Graduate Certificate of International and Community Development

Postgraduate coursework

Deakin's Graduate Certificate of International and Community Development will introduce issues in International and Community Development. Find out more.

Key facts

Duration

0.5 year full-time or part-time equivalent

Campuses

Key dates

Direct applications to Deakin for Trimester 1 2019 close 17 February 2019

Current Deakin Students

To access your official course details for the year you started your degree, please visit the handbook

Course information

Good development promotes justice, reduces poverty, and builds environments for people to lead productive, creative, and fulfilling lives.

Development programs and project work for poverty reduction are major areas of professional employment. At Deakin, you’ll develop a balance of theoretical knowledge and practical skills that will allow you to undertake projects benefitting the communities in which you work.

You’ll learn from leading ICD practitioners and researchers with extensive knowledge and links within the professional, and get credit towards further studies in ICD.

Read More

Course structure

To qualify for the award of Graduate Certificate of International and Community Development, a student must successfully complete 4 credit points of study as listed below and

  • Academic Integrity AAI018
  • Academic Integrity (0-credit-point compulsory unit)

    1

    Core unit

    3

    Elective units

    4

    Total units

    Key information

    Award granted
    Graduate Certificate of International and Community Development
    Year
    2019 course information
    Deakin code
    A565
    Level
    Higher Degree Coursework (Masters and Doctorates)
    Approval status
    This course is approved by the University under the Higher Education Standards Framework.
    Australian Qualifications Framework (AQF) recognition
    The award conferred upon completion is recognised in the Australian Qualifications Framework at Level 8.

    Campuses by intake

    Campus availability varies per trimester. This means that a course offered in Trimester 1 may not be offered in the same location for Trimester 2 or 3. Read more to learn where this course will be offered throughout the year.

    Trimester 1 - March

    • Start date: March
    • Available at:
      • Cloud Campus

    Trimester 2 - July

    • Start date: July
    • Available at:
      • Cloud Campus

    Additional course information

    Course duration - additional information

    Course duration may be affected by delays in completing course requirements, such as accessing or completing work placements.

    Mandatory student checks

    Any unit which contains work integrated learning, a community placement or interaction with the community may require a police check, Working with Children Check or other check.

    Participation requirements

    Reasonable adjustments to participation and other course requirements will be made for students with a disability. Click here for more information.

    Work experience

    Elective units may provide the opportunity for Work Integrated Learning experiences.

    Entry requirements

    Entry information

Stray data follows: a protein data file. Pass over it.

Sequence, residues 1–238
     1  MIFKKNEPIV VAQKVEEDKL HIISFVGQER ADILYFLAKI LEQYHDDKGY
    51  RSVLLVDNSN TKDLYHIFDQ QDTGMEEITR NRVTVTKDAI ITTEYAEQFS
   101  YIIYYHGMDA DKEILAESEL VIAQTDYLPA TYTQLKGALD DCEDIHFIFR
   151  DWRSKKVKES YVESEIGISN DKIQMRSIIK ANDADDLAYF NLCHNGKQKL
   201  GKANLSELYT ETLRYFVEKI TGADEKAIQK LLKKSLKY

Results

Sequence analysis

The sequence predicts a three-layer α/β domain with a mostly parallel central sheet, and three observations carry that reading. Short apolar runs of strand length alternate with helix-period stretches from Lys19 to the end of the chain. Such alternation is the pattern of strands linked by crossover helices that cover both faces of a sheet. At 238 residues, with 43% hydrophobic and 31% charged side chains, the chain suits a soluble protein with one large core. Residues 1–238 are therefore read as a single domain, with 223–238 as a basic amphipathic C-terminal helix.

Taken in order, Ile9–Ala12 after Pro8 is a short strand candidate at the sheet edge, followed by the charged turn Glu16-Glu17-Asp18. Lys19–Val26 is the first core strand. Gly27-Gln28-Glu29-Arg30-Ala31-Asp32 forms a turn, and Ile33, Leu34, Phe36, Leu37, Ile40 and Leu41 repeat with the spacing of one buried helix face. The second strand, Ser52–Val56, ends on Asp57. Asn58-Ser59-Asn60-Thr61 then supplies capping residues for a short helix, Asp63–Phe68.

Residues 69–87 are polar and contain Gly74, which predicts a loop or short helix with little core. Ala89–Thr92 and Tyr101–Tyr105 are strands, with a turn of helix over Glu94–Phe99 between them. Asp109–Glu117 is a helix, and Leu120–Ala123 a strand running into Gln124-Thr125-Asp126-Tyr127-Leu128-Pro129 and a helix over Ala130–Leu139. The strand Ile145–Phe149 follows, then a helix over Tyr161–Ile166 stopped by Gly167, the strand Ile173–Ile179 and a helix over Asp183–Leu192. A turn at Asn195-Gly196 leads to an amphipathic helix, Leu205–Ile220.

Deakin University offers admission to postgraduate courses through a number of Admission categories. In all categories of admission, selection is based primarily on academic merit as indicated by an applicant's previous academic record.

    All applicants must meet the minimum English language requirements.

    Entry will be based on performance in:

    • a Bachelor degree in any discipline OR
    • at least two years of relevant work experience (or part-time equivalent)

    For more information on the Admission Criteria and Selection (Higher Education Courses) Policy visit the Deakin Policy Library.

    Credit for prior learning

    The University aims to provide students with as much credit as possible for approved prior study or informal learning which exceeds the normal entrance requirements for the course and is within the constraints of the course regulations. Students are required to complete a minimum of one-third of the course at Deakin University, or four credit points, whichever is the greater. In the case of certificates, including graduate certificates, a minimum of two credit points within the course must be completed at Deakin. 

    You can also refer to the Recognition of Prior Learning System which outlines the credit that may be granted towards a Deakin University degree and how to apply for credit.

    Applications for credit transfer will be considered depending on the quality and subject matter of the student’s prior qualifications and professional experience.

    The Graduate  Certificate, Graduate Diploma and the Masters in International and Community Development  comprise a suite of fully articulated courses. Successful completion of the  Graduate Certificate of International and Community Development will lead to entry into the  Master of International and Community Development.

    Fees and scholarships

    Fee information

    Estimated tuition fee - full-fee paying place
    To be advised (currently pending an announcement from the Australian Government on the 2017-18 Budget).
    Learn more about fees and your options for paying.
    Estimated tuition fee - (CSP)?
    To be advised (currently pending an announcement from the Australian Government on the 2017-18 Budget).
    Learn more about fees.

    The available fee places for this course are detailed above.

    Tuition fees are determined by your enrolment:

    • If you are offered a full fee paying place, your tuition fees are calculated based on your course.